When trying to explain the Macnab to non-shooting friends or those living outside of the UK, I normally use cricket as an analogy as it is equally eccentric and strange to the unaccustomed. Why would one be so motivated to carry out this bizarre challenge of catching a salmon on the fly, shooting a brace of grouse and taking a stag between dawn and dusk? I think cricket – also inherently British – has many strange idiosyncrasies such as the Ashes series lasting 25 days over five matches, and the absurd Duckworth-Lewis method for calculating a target score if rain interrupts play. There is quite a nice parallel between the two. To me, the Macnab was my own Ashes series.
I owe a debt of gratitude to the rivers that vanquished my chances over the years. They gave me perspective and ultimate respect for Atlantic salmon, the most wild and tricky of creatures in the British Isles. The Tilt, the Findhorn, the Orchy, and the mighty Tay. I was finally gifted my chance by the Thurso, the most northerly salmon river in mainland UK. However, the final attempt was by no means straightforward.
Within 20 minutes, I had hooked a salmon. Then, after four seconds, it was off. I have never used bluer language
It is customary to start with the fish, being the most fickle of components in the Macnab. The one time I chose to reorder the elements, I had a royal stag grassed and gralloched by 10am, a brace of ptarmigan in hand by midday that elevate the challenge and count as a grouse species. But alas, no lye in the Orchy would give up its treasure, so darkness fell and with it my hopes. Salt was applied liberally to my open wound the following morning when my most unsympathetic of friends hooked a fresh 12lb hen fish from the same pool I finished at the night before.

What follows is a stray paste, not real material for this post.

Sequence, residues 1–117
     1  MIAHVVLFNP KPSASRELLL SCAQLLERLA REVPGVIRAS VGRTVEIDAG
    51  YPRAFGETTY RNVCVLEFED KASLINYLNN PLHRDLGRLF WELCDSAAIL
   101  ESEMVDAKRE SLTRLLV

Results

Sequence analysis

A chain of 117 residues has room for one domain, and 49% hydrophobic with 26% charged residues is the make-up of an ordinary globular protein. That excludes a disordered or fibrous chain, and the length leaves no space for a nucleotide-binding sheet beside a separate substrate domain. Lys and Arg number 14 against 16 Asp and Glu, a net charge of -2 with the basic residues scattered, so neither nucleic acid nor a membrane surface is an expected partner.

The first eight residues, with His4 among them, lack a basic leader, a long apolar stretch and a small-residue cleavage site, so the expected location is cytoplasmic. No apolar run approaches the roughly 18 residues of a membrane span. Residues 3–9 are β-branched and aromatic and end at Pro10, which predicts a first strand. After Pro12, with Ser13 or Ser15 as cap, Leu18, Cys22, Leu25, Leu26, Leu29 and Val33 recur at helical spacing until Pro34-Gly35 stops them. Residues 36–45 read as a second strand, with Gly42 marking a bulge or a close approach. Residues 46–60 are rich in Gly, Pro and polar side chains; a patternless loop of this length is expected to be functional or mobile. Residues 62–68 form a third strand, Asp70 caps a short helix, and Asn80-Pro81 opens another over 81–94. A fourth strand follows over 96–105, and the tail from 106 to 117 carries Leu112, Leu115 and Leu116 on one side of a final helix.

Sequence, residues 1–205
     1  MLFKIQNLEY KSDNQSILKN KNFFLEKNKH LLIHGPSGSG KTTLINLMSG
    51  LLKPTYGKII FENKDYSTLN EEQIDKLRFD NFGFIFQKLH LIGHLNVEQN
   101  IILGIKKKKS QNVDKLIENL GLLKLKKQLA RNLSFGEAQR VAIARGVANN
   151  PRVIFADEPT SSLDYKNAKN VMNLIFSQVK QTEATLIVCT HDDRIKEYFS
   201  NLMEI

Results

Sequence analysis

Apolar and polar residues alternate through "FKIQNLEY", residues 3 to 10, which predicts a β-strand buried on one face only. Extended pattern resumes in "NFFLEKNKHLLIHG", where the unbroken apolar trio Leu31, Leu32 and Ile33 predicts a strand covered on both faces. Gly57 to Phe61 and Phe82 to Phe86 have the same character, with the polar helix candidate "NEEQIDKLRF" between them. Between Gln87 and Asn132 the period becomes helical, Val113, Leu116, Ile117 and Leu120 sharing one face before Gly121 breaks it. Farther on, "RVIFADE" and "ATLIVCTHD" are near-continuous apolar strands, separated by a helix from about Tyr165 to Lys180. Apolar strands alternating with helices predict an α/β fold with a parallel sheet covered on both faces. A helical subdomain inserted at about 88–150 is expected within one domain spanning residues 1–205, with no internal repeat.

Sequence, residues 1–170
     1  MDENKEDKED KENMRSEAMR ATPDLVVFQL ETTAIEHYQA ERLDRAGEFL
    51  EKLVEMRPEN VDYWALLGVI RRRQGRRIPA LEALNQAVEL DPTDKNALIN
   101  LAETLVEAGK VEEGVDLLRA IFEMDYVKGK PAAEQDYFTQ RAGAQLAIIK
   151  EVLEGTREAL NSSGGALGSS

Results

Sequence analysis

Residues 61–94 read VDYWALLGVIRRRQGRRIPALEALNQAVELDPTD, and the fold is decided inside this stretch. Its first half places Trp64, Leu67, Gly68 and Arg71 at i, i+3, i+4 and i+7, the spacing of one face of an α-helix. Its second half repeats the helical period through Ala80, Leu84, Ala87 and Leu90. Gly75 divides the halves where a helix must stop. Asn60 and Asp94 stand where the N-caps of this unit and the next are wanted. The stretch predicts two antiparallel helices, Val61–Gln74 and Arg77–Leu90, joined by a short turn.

I will now tell you about how I finally succeeded, in September this year. The water conditions of the Thurso were pretty dismal for salmon fishing. There hadn’t been any significant rainfall since July, so the water was very low, and far from ideal. Although the river was stuffed full of fish, they were stale, bored and disinterested in flies, having been stuck for weeks waiting to run at the first drop of rain and seen everything thrown at them day by day.
A seemingly hopeless situation. The first day I was on the river by 6am; I knew if it was going to happen it would be early in the short window of activity when the fish take up prime pool positions for the day.
I had until midday to land one as advised by the keeper, otherwise the attempt was over for the day with not enough time for the grouse and stag. I fished hard for six hours without a break. The pools were boiling with activity, but nothing gave me a look. Accepting the inevitable we drew stumps. In the evening, as direct sun left water, we fished again – just for fun – and incredibly I caught a bloody salmon. Any day you hook a salmon is a good one, but this felt bittersweet. I needed to catch the fish at 7am not 7pm.